I did notice that caffeine is higher up the list on the Pepsi product. A little research shows that Pepsi Max contains 69mg of caffeine - that's almost double the amount found in regular Pepsi. Caffeine in itself is not dangerous in moderation, but if you feel the need to have a caffenated drink to stay awake and focused during the day, you have some underlying health problems that need to be addressed.

So what I'm trying to tell you is that no soda, regardless of calorie or sugar content is ever good/harmless for you or your health. That being said, if you eat a healthy diet and exercise, feel free to enjoy a soda once in a while, but you are better off drinking the "regular" stuff...with real sugar and a lot less chemicals!

Thursday, January 5, 2012

2011 Stats

So even though my training/race season doesn't exactly follow the calendar year, it's fun to look back each January and see the total amount of time and distances I logged the previous year. So here's what I did in 2011:

Swim - 90hr 5min (149.64 miles)

Bike - 156hr 15min (2,963.62 miles)

Run - 83hr 3min (599.88 miles)

TOTALS - 329hr 23min (3,713.14 miles)

Time spent lifting weights, aqua-jogging and other random cardio activities (elliptical, rowing machine, etc.) are not included in these numbers.

Just for fun, I looked at how far I could have gone from Louisville with each discipline. If I jumped in the Ohio River at downtown Louisville, 149 miles of swimming upstream would take me 20 miles past Cincinnati to a little town called California, KY...population 86 (it exists, look it up).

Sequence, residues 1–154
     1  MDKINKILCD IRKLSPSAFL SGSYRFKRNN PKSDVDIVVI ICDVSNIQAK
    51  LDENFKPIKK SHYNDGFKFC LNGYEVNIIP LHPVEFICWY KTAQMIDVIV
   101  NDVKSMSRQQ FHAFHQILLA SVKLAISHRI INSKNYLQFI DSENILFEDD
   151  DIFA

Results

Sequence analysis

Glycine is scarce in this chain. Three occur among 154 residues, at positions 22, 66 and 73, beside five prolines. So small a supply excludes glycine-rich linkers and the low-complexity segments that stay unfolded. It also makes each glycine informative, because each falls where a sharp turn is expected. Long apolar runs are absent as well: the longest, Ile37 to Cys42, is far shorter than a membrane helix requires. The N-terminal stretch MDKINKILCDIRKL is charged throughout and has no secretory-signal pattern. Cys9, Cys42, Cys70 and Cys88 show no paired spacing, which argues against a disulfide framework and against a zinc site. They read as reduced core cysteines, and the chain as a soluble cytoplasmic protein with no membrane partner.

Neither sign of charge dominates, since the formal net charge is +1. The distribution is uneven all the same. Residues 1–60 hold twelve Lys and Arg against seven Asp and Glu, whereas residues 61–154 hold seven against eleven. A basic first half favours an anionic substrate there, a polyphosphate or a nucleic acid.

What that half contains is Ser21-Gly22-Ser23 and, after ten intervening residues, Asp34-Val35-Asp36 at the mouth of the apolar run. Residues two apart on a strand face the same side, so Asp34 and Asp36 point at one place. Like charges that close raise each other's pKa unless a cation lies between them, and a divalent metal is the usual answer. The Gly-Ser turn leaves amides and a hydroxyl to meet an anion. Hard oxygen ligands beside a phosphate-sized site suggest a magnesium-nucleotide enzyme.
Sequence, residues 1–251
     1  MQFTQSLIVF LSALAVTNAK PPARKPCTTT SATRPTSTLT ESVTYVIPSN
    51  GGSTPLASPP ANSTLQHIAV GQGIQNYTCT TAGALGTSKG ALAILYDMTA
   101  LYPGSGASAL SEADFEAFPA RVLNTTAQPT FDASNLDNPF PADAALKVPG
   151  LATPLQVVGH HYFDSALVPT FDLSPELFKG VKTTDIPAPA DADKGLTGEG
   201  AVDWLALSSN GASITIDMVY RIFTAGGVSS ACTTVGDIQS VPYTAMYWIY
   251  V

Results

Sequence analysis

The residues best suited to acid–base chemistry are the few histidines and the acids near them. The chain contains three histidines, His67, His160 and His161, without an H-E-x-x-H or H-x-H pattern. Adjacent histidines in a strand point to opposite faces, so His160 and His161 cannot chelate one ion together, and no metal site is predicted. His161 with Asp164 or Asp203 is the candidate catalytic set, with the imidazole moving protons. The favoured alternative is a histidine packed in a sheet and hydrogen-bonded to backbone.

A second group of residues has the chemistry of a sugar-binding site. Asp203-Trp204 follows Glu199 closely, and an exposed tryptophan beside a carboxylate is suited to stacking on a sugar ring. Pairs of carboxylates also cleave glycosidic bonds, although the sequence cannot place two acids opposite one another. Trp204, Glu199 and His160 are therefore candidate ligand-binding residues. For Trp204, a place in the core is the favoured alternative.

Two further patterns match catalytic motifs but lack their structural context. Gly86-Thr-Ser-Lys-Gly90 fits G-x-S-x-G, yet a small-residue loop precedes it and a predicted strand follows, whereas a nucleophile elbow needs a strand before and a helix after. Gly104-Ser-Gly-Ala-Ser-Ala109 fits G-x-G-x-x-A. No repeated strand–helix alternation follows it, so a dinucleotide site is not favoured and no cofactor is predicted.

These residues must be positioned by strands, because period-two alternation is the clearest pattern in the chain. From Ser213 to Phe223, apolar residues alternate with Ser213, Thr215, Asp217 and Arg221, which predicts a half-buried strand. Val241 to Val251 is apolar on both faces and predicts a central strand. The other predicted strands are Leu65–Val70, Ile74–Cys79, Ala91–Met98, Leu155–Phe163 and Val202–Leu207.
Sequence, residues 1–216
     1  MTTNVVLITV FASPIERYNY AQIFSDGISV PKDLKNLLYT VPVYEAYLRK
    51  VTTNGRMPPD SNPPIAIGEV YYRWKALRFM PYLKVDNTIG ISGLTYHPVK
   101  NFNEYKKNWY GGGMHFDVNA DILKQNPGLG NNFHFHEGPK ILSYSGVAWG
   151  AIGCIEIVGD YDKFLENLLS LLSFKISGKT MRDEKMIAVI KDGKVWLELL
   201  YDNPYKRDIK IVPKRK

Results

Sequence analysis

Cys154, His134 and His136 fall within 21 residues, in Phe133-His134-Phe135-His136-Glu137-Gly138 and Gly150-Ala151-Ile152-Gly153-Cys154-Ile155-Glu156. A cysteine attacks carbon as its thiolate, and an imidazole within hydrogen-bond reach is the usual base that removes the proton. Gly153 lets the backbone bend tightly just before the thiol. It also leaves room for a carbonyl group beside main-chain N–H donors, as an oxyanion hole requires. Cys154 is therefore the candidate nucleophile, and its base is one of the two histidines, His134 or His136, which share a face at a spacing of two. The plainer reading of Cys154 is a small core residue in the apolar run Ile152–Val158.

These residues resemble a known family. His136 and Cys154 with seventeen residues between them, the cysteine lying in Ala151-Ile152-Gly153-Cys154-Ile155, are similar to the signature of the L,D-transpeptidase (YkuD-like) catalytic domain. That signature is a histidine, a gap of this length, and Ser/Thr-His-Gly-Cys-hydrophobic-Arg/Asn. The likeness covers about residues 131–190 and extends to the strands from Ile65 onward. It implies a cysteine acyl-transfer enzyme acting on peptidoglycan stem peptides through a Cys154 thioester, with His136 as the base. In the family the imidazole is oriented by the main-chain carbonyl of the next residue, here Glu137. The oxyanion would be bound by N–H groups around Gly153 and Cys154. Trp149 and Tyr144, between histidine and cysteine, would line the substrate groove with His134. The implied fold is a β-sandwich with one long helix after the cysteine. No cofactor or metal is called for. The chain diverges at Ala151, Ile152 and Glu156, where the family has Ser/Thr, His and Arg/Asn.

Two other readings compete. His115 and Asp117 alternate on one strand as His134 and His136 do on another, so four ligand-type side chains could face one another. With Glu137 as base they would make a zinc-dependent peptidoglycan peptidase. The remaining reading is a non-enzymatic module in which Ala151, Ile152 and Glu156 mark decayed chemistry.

As for the biking, 2,963 miles would get me from Louisville to Los Angeles, then up the coast to Portland, Oregon...all on roads that can be ridden on, no Interstates.

Running south 600 miles from Louisville would have taken me to Jacksonville, Florida...or if I wanted to go northeast, I could have made it to Philadelphia.

These numbers may look crazy to a non-triathlete, but I would venture to guess that they are very low compared to most people that did an Ironman and two half-Ironman races last year. Hard to believe that I spent more time in the water than I did in my running shoes! The IT Band injury kept me from running for 7 weeks before IM and then the 3 weeks after, so I lost 10 weeks of running, which really hurt my running numbers for the year. For comparison, I ran 940 miles in 2010 and 632 in 2009.

2011 Race Results:

2/25/11 - Anthem 5K - 46th in AG, 269th Overall
3/12/11 - Rodes City Run - 53rd in AG, 325th Overall
3/26/11 - Papa John's 10 Miler - 65th in AG, 346th Overall
4/17/11 - Shelbyville Sprint Tri - 1st in AG, 7th Overall
4/30/11 - KDF miniMarathon - 61st in AG, 408th Overall
5/14/11 - Taylorsville Lake Tri - 5th in AG, 23rd Overall
6/5/11 - TriFest Tri - 2nd in AG, 10th Overall
7/9/11 - Cardinal Tri - 8th in AG, 35th Overall
8/28/11 - Ironman Louisville Tri - 112th in AG, 661st Overall

2011 was a very exciting year and with completing an Ironman, it was obviously my most accomplished year since I started doing triathlons in late 2008. Shifting to shorter races in 2012 has me excited to work on speed and not endurance...which am I better suited for? I guess we'll find out!